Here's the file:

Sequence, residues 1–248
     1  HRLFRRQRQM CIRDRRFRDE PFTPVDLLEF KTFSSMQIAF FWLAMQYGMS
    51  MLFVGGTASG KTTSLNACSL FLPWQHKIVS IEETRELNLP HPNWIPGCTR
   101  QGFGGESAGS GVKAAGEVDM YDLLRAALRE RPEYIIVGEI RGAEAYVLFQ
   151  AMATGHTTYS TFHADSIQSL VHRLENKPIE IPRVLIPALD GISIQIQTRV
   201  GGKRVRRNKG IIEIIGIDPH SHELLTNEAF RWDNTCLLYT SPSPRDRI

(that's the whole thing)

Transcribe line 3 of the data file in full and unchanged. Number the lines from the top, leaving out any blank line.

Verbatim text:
    51  MLFVGGTASG KTTSLNACSL FLPWQHKIVS IEETRELNLP HPNWIPGCTR